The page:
Their riches form a kind of poverty.

- John Updike (1932-2009)


to reach here
gliding into old age
the decades gone
without ever meeting one person
truly evil
without ever meeting one person
truly exceptional
without ever meeting one person
truly good

gliding into old age

the mornings are the worst.

-Charles Bukowski (1920-1994)

Walking Across the Atlantic

I wait for the holiday crowd to clear the beach
before stepping onto the first wave.

Soon I am walking across the Atlantic
thinking about Spain,
checking for whales, waterspouts.

I feel the water holding up my shifting weight.
Tonight I will sleep on its rocking surface.

But for now I try to imagine what
this must look like to the fish below,
the bottoms of my feet appearing, disappearing.

-Billy Collins (1941-)

Hegel for Dummies

working by day, school at night
(though more cafeteria than class)
I didn't know... had not seen
"choice" taxidermied into trophy--
our wild dreams, cascades of complaints
(male chauvinist pigs, bourgeois privilege,
TV-watching pathetic parents)
heady delusional, talk of revolution
-- we read Baldwin Ginsberg Malcolm Che
Millett Leary Laing and Plath--
the sparkle of the not-yet
beckoned big: if it exists, it stinks

years morphed into decades
scrambling codes, perfect night rides
windows down, wind in our hair
car lapping up the road
carapace of community
living in the center, Manhattan downtown
round-the-clock friends, sex, music, drugs
demonstrations, midnight feasts in Chinatown
after double bills of French film
evenings of art --Met or LaMama--
leaning over the spiral balcony
at the Guggenheim (giant flower pot)
listening to Charlotte Moorman
play cello (topless) while someone read Artaud

when what was really happening...

- Dion Farquhar

Proletarian Portriat

A big bareheaded woman
in an apron

Her hair slicked back standing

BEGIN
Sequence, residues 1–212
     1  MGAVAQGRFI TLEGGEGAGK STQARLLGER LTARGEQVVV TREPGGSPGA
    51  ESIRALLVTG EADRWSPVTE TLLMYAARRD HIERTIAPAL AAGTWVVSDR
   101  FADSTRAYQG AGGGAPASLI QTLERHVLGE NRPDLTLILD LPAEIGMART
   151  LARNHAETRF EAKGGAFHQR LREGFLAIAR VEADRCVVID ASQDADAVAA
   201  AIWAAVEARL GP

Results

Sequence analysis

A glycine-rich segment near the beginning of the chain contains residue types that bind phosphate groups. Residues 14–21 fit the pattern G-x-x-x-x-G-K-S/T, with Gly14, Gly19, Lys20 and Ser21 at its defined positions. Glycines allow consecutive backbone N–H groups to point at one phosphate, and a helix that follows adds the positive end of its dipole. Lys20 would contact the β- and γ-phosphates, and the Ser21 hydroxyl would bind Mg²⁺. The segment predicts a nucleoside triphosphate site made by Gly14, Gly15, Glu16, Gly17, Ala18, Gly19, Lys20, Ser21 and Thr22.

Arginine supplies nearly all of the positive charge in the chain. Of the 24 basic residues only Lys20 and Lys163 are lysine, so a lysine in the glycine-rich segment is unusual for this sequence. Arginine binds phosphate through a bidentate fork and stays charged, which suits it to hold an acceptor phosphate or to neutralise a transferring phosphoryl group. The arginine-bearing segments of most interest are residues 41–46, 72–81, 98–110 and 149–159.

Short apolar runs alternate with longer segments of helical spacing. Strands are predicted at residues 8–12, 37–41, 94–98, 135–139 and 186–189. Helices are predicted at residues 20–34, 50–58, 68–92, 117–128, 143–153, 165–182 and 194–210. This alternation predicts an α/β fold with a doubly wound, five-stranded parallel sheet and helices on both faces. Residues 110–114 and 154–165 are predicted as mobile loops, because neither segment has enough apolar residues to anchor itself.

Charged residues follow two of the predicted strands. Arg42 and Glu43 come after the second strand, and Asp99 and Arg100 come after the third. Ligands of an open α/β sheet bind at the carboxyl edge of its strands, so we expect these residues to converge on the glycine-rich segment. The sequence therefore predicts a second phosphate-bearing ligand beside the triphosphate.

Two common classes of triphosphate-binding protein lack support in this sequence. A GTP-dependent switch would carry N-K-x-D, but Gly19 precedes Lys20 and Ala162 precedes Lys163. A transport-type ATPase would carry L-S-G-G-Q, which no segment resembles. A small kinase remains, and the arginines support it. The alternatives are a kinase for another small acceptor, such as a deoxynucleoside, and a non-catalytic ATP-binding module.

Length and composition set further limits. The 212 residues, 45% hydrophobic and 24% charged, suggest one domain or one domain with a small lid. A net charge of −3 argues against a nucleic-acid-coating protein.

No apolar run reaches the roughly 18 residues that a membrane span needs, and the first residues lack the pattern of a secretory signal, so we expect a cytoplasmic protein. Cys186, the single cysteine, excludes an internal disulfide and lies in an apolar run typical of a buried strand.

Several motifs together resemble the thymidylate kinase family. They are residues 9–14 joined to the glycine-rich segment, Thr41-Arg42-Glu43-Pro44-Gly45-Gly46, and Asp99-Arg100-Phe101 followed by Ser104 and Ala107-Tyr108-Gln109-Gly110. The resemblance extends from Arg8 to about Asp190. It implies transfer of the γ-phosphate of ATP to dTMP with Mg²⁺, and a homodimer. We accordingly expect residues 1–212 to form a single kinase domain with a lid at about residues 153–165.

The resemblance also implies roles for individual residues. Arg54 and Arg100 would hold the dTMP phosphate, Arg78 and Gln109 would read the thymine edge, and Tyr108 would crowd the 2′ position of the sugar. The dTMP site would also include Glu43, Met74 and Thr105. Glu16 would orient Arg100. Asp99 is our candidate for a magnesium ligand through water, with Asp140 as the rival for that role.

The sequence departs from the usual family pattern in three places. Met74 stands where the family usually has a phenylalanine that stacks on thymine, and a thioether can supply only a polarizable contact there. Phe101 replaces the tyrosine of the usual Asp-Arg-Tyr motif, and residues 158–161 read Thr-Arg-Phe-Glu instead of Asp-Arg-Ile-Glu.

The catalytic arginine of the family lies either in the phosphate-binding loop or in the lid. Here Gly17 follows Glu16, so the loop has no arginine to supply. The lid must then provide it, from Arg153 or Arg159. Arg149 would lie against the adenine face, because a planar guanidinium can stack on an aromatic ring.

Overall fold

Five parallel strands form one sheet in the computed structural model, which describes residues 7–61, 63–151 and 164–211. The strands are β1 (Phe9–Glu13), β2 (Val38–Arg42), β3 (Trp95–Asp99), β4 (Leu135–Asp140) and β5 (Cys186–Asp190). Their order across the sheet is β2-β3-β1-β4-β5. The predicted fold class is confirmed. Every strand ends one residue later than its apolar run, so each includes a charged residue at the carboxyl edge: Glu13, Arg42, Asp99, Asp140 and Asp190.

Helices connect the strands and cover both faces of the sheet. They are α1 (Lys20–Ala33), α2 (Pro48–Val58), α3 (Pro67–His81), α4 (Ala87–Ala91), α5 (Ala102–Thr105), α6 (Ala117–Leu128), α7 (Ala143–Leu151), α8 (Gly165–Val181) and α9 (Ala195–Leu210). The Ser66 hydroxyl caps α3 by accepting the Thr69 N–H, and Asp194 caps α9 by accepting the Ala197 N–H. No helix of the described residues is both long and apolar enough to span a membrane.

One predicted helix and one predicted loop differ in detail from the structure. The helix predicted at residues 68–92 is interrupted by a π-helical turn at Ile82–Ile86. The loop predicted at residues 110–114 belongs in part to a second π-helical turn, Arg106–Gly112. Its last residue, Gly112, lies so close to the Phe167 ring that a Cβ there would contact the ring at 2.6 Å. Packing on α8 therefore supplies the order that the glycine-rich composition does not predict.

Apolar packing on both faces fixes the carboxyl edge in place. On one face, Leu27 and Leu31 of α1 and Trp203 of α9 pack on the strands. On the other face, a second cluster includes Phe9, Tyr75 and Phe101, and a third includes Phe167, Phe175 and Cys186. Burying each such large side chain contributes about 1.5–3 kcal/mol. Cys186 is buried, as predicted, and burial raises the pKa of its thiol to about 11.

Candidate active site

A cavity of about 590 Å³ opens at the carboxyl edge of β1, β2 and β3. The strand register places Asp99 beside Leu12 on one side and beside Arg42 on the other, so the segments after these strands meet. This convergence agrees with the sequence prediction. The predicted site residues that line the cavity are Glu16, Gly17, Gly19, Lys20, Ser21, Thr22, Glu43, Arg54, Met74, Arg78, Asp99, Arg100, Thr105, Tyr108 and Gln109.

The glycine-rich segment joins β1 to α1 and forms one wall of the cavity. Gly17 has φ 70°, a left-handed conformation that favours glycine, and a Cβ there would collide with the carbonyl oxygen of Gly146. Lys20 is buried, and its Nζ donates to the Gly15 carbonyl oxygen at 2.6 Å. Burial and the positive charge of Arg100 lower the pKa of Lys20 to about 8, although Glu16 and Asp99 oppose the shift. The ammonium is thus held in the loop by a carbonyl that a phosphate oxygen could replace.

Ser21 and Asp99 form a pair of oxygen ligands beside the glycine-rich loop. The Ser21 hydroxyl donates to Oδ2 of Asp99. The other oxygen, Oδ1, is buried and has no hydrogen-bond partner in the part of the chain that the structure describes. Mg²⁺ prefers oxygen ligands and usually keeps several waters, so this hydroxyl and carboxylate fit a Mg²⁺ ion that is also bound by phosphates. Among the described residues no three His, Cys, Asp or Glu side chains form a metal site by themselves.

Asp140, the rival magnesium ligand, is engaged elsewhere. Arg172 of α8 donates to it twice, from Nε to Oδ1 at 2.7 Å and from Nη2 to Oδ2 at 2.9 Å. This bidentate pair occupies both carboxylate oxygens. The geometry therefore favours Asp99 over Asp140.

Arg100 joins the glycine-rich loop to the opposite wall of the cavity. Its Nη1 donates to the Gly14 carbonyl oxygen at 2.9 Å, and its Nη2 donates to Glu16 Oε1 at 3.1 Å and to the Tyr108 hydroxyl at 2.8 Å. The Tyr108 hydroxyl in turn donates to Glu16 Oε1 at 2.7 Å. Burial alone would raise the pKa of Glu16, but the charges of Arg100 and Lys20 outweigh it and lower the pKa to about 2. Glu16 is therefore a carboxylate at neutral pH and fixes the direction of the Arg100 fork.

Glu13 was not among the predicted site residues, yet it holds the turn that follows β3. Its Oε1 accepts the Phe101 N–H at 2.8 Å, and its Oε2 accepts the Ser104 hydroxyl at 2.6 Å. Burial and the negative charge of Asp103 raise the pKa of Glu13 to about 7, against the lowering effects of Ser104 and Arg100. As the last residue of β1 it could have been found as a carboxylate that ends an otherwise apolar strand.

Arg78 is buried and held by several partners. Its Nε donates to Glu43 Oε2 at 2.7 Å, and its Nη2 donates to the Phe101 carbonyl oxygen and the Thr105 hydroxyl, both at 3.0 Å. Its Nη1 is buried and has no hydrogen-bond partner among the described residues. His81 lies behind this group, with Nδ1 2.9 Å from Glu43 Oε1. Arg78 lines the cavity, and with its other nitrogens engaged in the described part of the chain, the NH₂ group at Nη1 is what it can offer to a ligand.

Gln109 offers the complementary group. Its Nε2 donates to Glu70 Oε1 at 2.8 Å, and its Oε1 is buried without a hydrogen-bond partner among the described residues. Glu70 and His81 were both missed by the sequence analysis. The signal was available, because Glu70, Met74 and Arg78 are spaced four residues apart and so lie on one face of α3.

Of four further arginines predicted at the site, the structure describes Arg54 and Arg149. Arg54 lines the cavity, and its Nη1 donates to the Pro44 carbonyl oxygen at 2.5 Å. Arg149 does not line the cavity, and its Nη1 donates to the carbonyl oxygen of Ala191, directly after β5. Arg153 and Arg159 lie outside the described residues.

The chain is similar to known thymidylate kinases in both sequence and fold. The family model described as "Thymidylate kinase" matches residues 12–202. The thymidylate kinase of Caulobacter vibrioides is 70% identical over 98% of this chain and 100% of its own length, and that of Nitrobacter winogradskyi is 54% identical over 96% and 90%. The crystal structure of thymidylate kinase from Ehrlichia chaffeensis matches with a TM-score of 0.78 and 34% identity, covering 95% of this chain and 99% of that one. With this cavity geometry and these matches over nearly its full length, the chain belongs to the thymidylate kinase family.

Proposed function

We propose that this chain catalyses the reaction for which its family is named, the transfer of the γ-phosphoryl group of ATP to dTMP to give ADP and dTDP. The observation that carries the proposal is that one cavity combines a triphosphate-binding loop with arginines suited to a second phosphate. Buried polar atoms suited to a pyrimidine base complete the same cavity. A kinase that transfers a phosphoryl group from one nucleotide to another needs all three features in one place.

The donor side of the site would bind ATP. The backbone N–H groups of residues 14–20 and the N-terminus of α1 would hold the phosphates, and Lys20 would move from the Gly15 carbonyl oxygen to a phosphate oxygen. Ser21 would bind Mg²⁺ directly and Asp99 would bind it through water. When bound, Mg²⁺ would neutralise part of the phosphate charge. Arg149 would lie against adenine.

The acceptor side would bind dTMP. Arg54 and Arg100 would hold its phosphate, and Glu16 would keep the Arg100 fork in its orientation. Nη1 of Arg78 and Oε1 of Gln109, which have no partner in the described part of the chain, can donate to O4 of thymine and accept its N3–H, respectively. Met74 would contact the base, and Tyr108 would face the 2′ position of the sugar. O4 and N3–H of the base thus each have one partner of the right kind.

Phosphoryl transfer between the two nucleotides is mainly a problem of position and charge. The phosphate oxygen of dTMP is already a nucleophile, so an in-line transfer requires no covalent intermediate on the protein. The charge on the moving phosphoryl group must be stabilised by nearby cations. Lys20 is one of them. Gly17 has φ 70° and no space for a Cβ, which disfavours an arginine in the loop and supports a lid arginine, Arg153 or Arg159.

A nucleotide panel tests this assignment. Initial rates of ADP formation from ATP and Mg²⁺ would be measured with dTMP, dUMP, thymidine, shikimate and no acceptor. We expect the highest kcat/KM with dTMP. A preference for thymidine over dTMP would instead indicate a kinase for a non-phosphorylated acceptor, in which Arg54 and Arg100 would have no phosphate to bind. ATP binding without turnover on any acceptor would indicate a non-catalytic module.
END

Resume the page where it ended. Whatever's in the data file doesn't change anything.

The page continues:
on the street

One stockinged foot toeing
the sidewalk

Her shoe in her hand. Looking
intently into it

She pulls out the paper insole
to find the nail

That has been hurting her

- William Carlos Williams (1883-1963)

Black Islands

for Darío

At Isla Negra,
between Neruda's tomb
and the anchor in the garden,
a man with stonecutter's hands
lifted up his boy of five
so the boy's eyes could search mine.
The boy's eyes were black olives.
Son, the father said, this is a poet,
like Pablo Neruda.
The boy's eyes were black glass.
My son is called Darío,
for the poet of Nicaragua,
the father said.
The boy's eyes were black stones.
The boy said nothing,
searching my face for poetry,
searching my eyes for his own eyes.
The boy's eyes were black islands.

- Martin Espanda (1957)

To the Stone-Cutters

Stone-cutters fighting time with marble, you foredefeated
Challengers of oblivion
Eat cynical earnings, knowing rock splits, records fall
The square-limbed Roman letters
Scale in the thaws, wear in the rain. The poet as well
Builds his monument mockingly;
For manwill be blotted out, the blithe earth die, the
brave sun
Die blind and blacken to the heart:
Yet stones have stood for a thousand years, and pained
thoughts found
The honey of peace in old poems.

-Robinson Jeffers (1887-1962)

Too Much Snow

Unlike the Eskimos we only have one word for snow but we have a
lot of
modifiers for that word. There is too much snow, which, unlike rain,
does not
immediately run off. It falls and stays for months. Someone wished for
snow. Someone got a deal, five cents on the dollar, and spent the
entire family
fortune. It's the simple solution, it covers everything. We are never
with the arrangement of the snow so we spend hours moving the snow from
place to another. Too much snow. I box it up and send it to family and
I send a big box to my cousin in California. I send a small box to my
She writes "Don't send so much. I'm all alone now. I'll never be able
to use so
much." To you I send a single snowflake, beautiful, complex and
different from all the others.

- Louis Jenkins (1942-)


Love comes back to his vacant dwelling,--
The old, old Love that we knew of yore!
We see him stand by the open door,
With his great eyes sad, and his bosom swelling.

He makes as though in our arms repelling,
He fain would lie as he lay before;--
Love comes back to his vacant dwelling,--
The old, old Love that we knew of yore!

Ah, who shall help us from over-spelling
That sweet forgotten, forbidden lore!
E'en as we doubt in our heart once more,
With a rush of tears to our eyelids welling,
Love comes back to vacant dwelling.

Austin Dobson (1880)

Jade Stairs Resentment

On steps of jade
White dew forms.
It creeps within
Her stocking of fine silk
As night grows long.

She lowers then
The water-crystal blind,
And through its glittering gems
She gazes
At the autumn moon.

Li Bai (740 A.D.)

the Third Wonder

Two things said Kant, 'fill me with breathless awe:
The starry heavens and the moral law.'
I know a thing more awful and obscure --
The long, long patience of the plundered poor.